Cryptomeria japonica 'Rein's Dense Jade' / Rein's Dense Jade Japanese cedar

Cryptomeria japonica 'Rein's Dense Jade' is a dense, broadly pyramidal dwarf cultivar of Japanese cedar. Its foliage is rich jade-green, turning purple-bronze in sufficiently cold winters. Typical rate of growth in most areas is 9 to 12 inches (22 - 30 cm) a year resulting in a 8 to 10 foot (2.5 - 3 m) conical tree after 10 years in the landscape.

John Vermeulen & Sons nursery of Neshanic Station, New Jersey is credited with the origin and introduction of 'Rein's Dense Jade' in the mid 1970s. It was propagated from a witch's broom on a specimen of Cryptomeria japonica 'Lobbii.'

Cryptomeria japonica 'Rein's Dense Jade' at Cox Arboretum, Canton, Georgia.
Photo by Tom Cox
Cryptomeria japonica 'Rein's Dense Jade' showing characteristic winter bronzing.
Photo by Tom Cox

Comments

Fiona Franklin

Hello
Im trying to find Crytomeria Japonica Rein's Dense Jade but im in the UK. Could you please tell me if you know of anyone here who stocks it ?
Kind regards
Fiona

David Olszyk

Hello Fiona, there is no way that the American Conifer Society could possibly know what's available overseas. Maybe reach out to the British Conifer Society??

John st. Cyr

I have a Rein's dense jade cedar about two years old. Some branches are drooping and have no new growth. Does species have any insect or disease problems? Solution?

David Olszyk

Quite the opposite, John ... 'Rein's Dense Jade' is very easy plant to grow. To answer your question, it would help to know where you live. What size was it when you planted it? Is it getting enough water? ... enough sun?? It's also possible that there are root issues, i.e. girdling roots / planted too deep ...

John st. Cyr

I live in southeast Massachusetts. It was about five and one half feet when it was planted. It is in full sun. It gets enough water. I use a long moisture prob to test. I was very careful in planting with help from my son who is a retired arborist. The sub soil is hard pan about a 18 inches down. I have planted several other small trees and shrubs without any problem. I have photos of the problem areas.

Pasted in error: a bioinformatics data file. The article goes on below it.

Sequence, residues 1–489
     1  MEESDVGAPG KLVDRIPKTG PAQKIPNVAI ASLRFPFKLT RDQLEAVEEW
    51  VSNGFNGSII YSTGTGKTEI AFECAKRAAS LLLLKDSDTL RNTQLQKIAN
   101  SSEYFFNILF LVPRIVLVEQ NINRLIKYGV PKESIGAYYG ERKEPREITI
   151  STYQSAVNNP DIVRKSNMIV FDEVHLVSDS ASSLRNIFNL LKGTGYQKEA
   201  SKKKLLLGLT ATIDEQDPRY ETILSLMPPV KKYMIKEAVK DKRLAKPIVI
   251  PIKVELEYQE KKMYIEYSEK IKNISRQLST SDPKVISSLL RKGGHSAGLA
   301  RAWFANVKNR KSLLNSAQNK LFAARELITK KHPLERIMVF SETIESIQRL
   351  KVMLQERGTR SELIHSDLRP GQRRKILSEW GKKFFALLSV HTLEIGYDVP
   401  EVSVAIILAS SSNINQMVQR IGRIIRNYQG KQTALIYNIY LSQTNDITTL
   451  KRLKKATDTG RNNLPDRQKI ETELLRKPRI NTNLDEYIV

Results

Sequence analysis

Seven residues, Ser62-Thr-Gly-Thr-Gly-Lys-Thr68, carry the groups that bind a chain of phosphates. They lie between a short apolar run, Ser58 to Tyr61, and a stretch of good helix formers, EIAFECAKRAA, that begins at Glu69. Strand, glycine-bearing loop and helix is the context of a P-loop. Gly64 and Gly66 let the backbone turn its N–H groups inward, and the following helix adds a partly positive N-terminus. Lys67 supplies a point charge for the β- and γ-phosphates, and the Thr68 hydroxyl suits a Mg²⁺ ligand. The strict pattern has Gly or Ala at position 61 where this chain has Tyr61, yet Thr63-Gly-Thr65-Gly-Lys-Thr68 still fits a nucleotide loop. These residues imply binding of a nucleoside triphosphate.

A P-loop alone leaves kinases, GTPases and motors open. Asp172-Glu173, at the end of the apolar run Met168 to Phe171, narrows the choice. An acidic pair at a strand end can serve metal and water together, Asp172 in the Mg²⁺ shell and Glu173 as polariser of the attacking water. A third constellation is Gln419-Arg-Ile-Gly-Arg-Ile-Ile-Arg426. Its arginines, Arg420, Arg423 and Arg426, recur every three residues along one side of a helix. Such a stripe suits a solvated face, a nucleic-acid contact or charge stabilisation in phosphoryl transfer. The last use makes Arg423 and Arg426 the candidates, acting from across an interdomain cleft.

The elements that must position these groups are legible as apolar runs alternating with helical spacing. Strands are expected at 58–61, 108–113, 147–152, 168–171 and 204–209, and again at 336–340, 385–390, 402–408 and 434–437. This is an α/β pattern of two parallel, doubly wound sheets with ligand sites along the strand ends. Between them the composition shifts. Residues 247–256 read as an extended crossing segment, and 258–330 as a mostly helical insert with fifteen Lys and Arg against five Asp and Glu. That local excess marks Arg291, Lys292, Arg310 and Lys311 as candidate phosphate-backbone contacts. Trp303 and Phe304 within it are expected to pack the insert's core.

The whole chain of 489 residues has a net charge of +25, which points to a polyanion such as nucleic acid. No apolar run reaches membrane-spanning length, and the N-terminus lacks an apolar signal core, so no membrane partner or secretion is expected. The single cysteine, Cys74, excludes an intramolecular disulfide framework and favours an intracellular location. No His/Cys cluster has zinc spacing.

John st. Cyr

Adding to my last comments - I have not fertilized. Should I do so with Hollytone? Is it too late in the season?

David Olszyk

no need to ever fertilize a tree that's planted in the ground ... 5.5 feet tall is a pretty big plant for transplanting. Something that size could take several years to establish. I also think that MA may be borderline hardiness for this species. Have you seen sub-zero temps since it's been in the ground?

John st. Cyr

We have not had sub-zero temperatures since planting. I bought it from a reputable nursery and confirmed that it is appropriate for our hardiness zone. I noticed the problem in the spring and it has spread. In the winter, I placed four long fence posts around the tree and used i inch wide plastic ribbon to support the branches.

David Olszyk

John said, "I placed four long fence posts around the tree and used i inch wide plastic ribbon to support the branches."

Why?? That's a very concerning statement. Sounds like the roots never turned on. A lot of times it takes a dead tree 3-4 years before it actually looks dead.

John st. Cyr

Sorry I did not make myself clear. That arrangement was for last winter to protect against snow damage. Does your last comment mean that you think the tree is dying?

David Olszyk

Your tree could already be dead, but there's no way I can know for sure through an online conversation.

John st. Cyr

I took a photo of the area in question to a local arborist employed by a nursery which seems such trees. After examining it closely, he indicated that the area of concern is actually new growth. Thank you for your many replies. I realize that you could not make an accurate assessment by email communication.